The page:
June 15 (Bloomberg) -- Hong Kong Exchanges & Clearing Ltd., host to the world’s fifth-largest equity market, agreed to pay 1.39 billion pounds ($2.15 billion) for the London Metal Exchange, which handles more than 80 percent of global trade in industrial-metal futures
LME investors will get 107.60 pounds per ordinary share in cash, with a vote scheduled before the end of next month, the bourses said today. The stock traded at 4.925 pounds in July 2011, before the LME said it was considering bids. JPMorgan Chase & Co., Goldman Sachs Group Inc. and closely held Metdist Ltd. are the biggest LME shareholders.
Hong Kong is the only place in China where investors can freely buy and sell shares in Industrial & Commercial Bank of China Ltd., the biggest lender by value, and PetroChina Co., Asia’s largest company. The deal would be Hong Kong Exchanges’ first overseas acquisition. The 135-year-old LME sets global benchmark prices for metals including copper, aluminum and nickel, of which China consumes more than any other nation. Its network of warehouses doesn’t currently extend into the country.
“Hong Kong Exchanges can be positive for LME if it can enhance its China exposure,” said Jonas Kan, the head of Hong Kong research at Daiwa Capital Markets. “HKEx has a clearing business, visibility in listing for Chinese companies, and has experience working with regulators and authorities in China, which can add value to the LME.”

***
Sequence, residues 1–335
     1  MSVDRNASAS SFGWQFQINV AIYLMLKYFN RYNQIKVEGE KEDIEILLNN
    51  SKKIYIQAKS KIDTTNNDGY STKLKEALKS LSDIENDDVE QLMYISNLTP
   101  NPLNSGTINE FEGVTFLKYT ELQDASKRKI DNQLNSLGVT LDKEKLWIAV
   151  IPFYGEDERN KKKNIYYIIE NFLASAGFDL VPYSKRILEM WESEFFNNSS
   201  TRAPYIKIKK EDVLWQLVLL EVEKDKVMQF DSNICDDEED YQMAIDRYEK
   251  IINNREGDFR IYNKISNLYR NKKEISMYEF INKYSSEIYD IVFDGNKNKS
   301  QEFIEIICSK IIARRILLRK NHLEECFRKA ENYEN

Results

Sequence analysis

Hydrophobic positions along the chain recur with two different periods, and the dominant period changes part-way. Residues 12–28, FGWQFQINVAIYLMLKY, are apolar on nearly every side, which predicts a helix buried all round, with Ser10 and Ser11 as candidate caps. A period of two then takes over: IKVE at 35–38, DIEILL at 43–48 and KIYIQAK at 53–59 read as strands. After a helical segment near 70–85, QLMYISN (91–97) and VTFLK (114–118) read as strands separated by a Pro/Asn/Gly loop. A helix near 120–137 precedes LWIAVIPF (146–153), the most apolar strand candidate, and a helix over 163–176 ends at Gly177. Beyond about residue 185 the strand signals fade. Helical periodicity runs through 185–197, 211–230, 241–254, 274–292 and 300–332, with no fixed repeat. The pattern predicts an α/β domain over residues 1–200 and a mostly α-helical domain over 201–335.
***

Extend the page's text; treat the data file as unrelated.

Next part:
Buying the LME would give Hong Kong Exchanges its first commodities contracts. Shares of Hong Kong Exchanges retreated 23 percent since the South China Morning Post reported its bid Feb. 18. That compares with a 15 percent drop in the Bloomberg World Exchanges Index. Hong Kong Exchanges is paying with existing cash and new loans of at least 1.1 billion pounds.
“Their full potential will not be realized until they can tap the geography,” Charles Li, chief executive officer of Hong Kong Exchanges, said at a press conference in Hong Kong today. “They need China expertise. They need Asia expertise. And we have a lot of it.”
The LME management led by Martin Abbott, chief executive officer, will stay, Li said. “Given the magnitude of what we’re talking about here, clearly we will significantly augment the management structure.” Some people may be moved between Hong Kong and London and commodities experts hired, he said.